This is the point at which Lionel Trilling's verdict on [“Howl”], that it was "dull," starts to look especially peculiar. Many sins might be laid at the door of Ginsberg and his poem, though it is impossible to separate the influence of the text from that of the period it inspired and came to symbolize, the Beat fifties and hippie sixties. The glorification of violence, the sentimentality about mental illness, the contempt for reason, the political self-righteousness, the waste of reformist energy in theatrical gestures, the confusion of narcissism with moral superiority: all that is worst about the counterculture is foreshadowed in "Howl" and Ginsberg's subsequent poems. But it would take a pretty jaded palate to find "Howl" dull.
Well, I don’t know. I don’t consider myself all that jaded, if I understand what Kirsch means by the term, but I find “Howl” a bore. It’s an unstructured, droning rant to my ear, and it quickly grows tiresome -- it even seemed dull in my earliest days in the serious study of literature, back in the mid 1970s. That I read it in the 70s might be important, since by the mid-70s weariness with the 60s had cured into a block of concrete in the heart. Kirsch’s piece gave me an itch to go reread the poem again, but I found it drudgery rather than an enlightening pleasure. There are a couple of nice turns of phrase, but the poem as a whole is a trainwreck of ideas -- a manic melange, to switch metaphors. You can pick little tidbits from the mass and sometimes find them interesting or even suggestive. But when you step back, there it is: a big, ugly trainwreck after all. I wouldn’t even say it is a poem, except by modern consent, and it isn’t very good prose, either. Kirsch then turns to the fears about writings like “Howl”, which he believes are of a species with Winters’s fears about Hart Crane’s dissolution, which, Winters believed, Romanticism engendered:
What Trilling really meant to communicate, I suspect, is not that "Howl" would fail to excite its readers, but that it would excite them in a way which Trilling himself, and many other imaginative people, had already judged disastrous. For while Ginsberg's belief in radical innocence and radical excess was new to the baby boomers, it was not at all new to Trilling, or to Modernists like Yvor Winters and Allen Tate, each of whom had experienced the suicide of Hart Crane as a parable of the personal cost of imaginative chaos. The antinomianism found in "Howl" was, in fact, one of the fundamental impulses of modern literature, and readers who were in their fifties when Ginsberg was in his twenties had wrestled with it long before. "It seems to me that the characteristic element of modern literature," Trilling wrote in an essay that was not about "Howl" but could have been, “is the bitter line of hostility to civilization which runs through it.... It asks us if we are saved or damned -- more than with anything else, our literature is concerned with salvation.”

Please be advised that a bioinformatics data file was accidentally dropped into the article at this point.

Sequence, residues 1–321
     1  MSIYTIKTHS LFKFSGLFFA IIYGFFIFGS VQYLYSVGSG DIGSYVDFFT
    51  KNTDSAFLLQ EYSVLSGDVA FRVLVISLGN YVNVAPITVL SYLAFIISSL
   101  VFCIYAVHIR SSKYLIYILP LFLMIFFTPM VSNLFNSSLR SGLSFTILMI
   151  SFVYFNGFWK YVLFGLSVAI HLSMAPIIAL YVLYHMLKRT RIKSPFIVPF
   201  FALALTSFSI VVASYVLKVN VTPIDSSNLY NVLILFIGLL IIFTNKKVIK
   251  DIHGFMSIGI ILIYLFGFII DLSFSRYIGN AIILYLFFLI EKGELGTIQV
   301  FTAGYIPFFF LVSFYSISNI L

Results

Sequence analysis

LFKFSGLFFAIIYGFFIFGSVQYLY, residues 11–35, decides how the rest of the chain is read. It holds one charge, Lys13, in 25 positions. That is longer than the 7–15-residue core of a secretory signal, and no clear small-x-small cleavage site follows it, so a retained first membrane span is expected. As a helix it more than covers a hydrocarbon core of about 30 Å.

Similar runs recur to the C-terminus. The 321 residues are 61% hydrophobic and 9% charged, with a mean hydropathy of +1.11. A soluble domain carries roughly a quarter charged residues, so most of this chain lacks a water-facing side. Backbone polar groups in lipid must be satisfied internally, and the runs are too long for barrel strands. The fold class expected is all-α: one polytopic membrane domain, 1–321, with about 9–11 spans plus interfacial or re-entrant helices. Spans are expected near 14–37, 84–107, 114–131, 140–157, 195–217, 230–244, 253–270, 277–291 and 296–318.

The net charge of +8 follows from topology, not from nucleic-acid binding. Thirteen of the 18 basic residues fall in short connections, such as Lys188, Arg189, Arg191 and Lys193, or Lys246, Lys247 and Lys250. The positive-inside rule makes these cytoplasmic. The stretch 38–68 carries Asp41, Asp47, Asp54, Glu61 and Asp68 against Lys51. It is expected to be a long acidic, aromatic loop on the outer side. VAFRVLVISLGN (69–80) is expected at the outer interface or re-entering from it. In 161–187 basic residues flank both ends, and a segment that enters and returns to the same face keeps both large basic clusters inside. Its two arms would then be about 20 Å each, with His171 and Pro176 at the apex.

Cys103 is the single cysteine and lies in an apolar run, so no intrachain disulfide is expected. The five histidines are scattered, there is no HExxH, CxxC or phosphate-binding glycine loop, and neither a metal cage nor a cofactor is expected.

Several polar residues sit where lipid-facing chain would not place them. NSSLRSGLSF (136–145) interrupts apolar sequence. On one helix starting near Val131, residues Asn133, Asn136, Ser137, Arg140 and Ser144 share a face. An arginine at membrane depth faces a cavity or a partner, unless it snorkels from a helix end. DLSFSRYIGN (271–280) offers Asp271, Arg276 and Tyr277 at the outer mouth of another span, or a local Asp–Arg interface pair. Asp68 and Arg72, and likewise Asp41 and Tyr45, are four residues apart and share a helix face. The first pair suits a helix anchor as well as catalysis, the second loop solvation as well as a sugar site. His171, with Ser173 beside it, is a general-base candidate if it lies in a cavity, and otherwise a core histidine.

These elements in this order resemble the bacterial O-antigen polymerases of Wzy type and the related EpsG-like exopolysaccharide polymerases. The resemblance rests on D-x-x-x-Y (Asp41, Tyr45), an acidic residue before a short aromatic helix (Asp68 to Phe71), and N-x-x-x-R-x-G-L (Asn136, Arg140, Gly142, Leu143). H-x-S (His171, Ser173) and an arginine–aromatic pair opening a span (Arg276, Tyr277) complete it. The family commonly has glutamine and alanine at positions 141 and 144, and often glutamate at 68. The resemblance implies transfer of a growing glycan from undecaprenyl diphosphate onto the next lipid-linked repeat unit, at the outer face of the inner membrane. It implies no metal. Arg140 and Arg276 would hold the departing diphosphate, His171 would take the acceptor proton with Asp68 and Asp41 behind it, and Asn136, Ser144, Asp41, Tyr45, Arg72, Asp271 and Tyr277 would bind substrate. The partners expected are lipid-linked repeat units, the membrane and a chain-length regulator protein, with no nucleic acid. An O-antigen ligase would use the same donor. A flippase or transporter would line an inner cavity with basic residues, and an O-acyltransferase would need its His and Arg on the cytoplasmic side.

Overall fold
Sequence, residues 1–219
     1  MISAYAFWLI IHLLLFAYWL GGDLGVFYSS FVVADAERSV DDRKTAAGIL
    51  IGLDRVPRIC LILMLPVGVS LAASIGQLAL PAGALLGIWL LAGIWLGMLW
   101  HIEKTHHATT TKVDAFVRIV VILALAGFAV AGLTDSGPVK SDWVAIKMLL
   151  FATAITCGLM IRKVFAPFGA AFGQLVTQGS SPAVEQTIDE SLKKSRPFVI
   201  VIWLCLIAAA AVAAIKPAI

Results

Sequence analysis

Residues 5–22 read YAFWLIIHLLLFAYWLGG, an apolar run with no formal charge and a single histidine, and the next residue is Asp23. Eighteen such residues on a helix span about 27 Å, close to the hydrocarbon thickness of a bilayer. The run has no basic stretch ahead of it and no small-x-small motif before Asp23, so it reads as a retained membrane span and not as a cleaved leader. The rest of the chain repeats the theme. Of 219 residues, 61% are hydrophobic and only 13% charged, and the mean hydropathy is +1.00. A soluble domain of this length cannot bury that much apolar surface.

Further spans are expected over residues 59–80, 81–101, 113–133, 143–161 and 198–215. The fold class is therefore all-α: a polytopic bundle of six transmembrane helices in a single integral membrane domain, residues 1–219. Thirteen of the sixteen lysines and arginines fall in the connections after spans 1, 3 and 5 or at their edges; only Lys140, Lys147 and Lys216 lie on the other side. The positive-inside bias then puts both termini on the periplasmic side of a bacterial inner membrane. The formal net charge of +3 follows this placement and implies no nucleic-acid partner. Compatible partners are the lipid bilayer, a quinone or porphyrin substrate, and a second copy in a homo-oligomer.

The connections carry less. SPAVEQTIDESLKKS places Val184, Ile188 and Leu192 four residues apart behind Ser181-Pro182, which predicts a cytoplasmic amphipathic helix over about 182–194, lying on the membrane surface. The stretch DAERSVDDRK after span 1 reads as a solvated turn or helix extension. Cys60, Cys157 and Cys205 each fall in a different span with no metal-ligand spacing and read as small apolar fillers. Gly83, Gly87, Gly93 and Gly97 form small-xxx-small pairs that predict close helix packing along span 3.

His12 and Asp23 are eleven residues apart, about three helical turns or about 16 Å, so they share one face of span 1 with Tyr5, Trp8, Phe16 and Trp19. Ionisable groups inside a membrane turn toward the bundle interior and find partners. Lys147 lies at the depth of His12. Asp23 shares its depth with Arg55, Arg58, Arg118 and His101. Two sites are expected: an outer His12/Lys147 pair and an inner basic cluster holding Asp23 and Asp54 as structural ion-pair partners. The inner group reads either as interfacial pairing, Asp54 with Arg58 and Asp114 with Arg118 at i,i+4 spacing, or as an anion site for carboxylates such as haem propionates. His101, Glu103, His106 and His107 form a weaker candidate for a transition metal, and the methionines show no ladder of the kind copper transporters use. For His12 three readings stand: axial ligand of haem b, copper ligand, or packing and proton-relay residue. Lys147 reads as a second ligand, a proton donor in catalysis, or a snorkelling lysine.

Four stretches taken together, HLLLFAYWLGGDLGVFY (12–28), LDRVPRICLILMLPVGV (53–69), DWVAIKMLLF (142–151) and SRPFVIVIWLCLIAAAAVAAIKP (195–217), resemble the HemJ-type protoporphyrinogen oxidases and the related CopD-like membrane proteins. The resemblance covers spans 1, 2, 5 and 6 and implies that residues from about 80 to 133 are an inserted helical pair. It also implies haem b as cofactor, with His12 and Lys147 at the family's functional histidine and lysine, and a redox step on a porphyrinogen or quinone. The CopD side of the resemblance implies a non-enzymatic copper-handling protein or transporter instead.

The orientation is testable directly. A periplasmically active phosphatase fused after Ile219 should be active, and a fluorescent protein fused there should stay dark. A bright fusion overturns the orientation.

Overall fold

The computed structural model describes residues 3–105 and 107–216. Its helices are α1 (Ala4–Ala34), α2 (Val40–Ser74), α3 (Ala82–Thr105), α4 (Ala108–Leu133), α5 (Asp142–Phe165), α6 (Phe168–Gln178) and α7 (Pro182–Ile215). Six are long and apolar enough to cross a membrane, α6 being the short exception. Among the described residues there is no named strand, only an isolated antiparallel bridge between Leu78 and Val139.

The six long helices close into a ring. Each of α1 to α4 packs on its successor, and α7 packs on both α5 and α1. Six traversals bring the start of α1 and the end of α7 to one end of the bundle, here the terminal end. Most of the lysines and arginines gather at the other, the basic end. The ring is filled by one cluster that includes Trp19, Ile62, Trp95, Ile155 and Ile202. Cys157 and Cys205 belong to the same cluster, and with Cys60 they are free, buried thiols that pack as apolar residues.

Again on the shoulders of the principles underlying modern literature, as unsystematic as they are, a critic lays the suicide of Hart Crane. There, too, we read a rather severe, almost hysterical, word, “disastrous,” applied to a writing of just a couple thousand words. Using such words goes somewhat too far for me, as I have discussed in a couple of recent entries in this blog (see “Romanticism Leads to Madness, Reason to Evil?” and “Hart Crane and Connotation”). To my mind, it’s not that chaotic writing is so dangerous. It’s that it’s so dull, just as Trilling said. I don’t read serious literature in order to take a little dip into chaos or vicariously revel in someone else’s bad-boy shenanigans, but to discover truth on my own “quest for reality” (which was the title of Winters’s anthology of greatest poems). “Howl” is dull because it simply doesn’t offer much to think about, doesn’t take us into any human experiences and help us to understand them rationally, or aid us adjusting our emotions to a rational understanding of those experiences. The poem is a frenzied, overwrought mishmash, a pile of straining phrases and harebrained ideas that adds up to a loose compendium rather than a sustained meditation. It’s a rundown of the wild times Ginsburg and his friends had. Big deal. Is it “dangerous” to go through it all. It seems more just plain silly. It’s still surprising that anyone smart took this jejune stuff seriously.
Still, I suppose “Howl” is important historically and worth knowing for that reason, since it has had a significant influence on literature. (I think it’s worth knowing things in the Standard Canon just because the Standard Canon, as Harold Bloom said, is made up of those works that have had the greatest influence). It’s important to know it because of the insight it gives us into the times it concerns. And even a few ideas in the mountain it piles up might have slight value, like Goodwill trinkets found in a trash heap. But as a whole the poem is not much and not worth concentrating on too closely, except as an historical artifact.
Do you, my readers, think that it’s dangerous personally or corporately to write as Ginsburg wrote and read what Ginsburg wrote in the way he wrote it? I’m still not sold on that longstanding idea of Winters’s, to which Kirsch gives his implied assent. Is Romanticism, as spread by literature, a cause of some of the dire problems in our time? In reading Winters, and Kirsch hints at the idea too, one would almost think so. But such matters require careful thought.